Monday, April 25, 2011

Universal Design for Learning (UDL)

Last month I told you I was signed up for a training on Universal Design for Learning. Well, we had our training last Thursday and it went quite well. Ron Houtman and Kindy Segovia led our group in a discussion of UDL Guidelines and how teachers can get started.

The three main pillars of Universal Design for Learning are:

I. Teachers should provide multiple means of representation. Or, in plain English, that we should present information and content in different ways.

II. Teachers should provide multiple means of action and expression. Or, differentiate the ways that students can express what they know.

III. Teachers should provide multiple means of engagement. Or, stimulate interest and motivation for learning.  

UDL is meant to benefit all students. Low-level learners, ESL, or high-achievers. Ron and Kindy went on to talk about some of the Web 2.0 tools that teachers can use to help design some of their lessons using UDL. The usual items such as Google Docs, Blogs, Wikis, Screencasting, and VoiceThread were mentioned. One of the big items was to get more teacher materials online so that students could access them from school and home. Also, so parents could access materials and be more of a help to their children. Probably one one line I remember from the whole training was when Ron said that the first thing teachers need to do is "find a place to put their stuff." I found this very reassuring because I had just spent three days helping teachers around my high school set up SharePoint sites, Blogs, and Wikis.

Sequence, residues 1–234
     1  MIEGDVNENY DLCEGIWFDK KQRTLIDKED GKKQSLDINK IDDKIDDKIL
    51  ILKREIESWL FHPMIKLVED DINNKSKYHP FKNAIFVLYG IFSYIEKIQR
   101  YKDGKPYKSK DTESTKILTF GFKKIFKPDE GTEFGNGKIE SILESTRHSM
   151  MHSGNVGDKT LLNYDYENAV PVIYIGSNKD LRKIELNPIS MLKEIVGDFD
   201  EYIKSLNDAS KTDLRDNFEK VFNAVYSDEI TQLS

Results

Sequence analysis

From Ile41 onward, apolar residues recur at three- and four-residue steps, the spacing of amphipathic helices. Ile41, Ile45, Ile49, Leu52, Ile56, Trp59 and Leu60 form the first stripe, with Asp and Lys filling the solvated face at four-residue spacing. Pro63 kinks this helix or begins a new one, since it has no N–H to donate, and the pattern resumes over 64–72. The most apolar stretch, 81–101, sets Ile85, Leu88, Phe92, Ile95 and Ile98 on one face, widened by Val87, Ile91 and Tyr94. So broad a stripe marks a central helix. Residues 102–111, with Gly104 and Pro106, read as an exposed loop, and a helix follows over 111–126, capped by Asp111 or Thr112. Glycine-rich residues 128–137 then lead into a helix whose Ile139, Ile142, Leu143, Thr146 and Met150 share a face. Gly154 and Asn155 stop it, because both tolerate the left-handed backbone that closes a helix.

So, all-in-all, I thought the UDL training was very informative and really reinforced a lot of the things that I do in my classes. This, of course, just begins to scratch the surface of UDL and how it can be used in your classroom, but I like anything with technology in it. :) If you would like to learn more about Universal Design for Learning, you can visit or the National Center for Universal Design for Learning.

Thanks for visiting!

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